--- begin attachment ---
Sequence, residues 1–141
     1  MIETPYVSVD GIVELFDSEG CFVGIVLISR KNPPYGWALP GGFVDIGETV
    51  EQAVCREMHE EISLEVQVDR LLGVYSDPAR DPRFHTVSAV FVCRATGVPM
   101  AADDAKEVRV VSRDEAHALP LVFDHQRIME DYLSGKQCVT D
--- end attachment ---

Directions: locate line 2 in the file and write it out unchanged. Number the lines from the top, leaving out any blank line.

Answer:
     1  MIETPYVSVD GIVELFDSEG CFVGIVLISR KNPPYGWALP GGFVDIGETV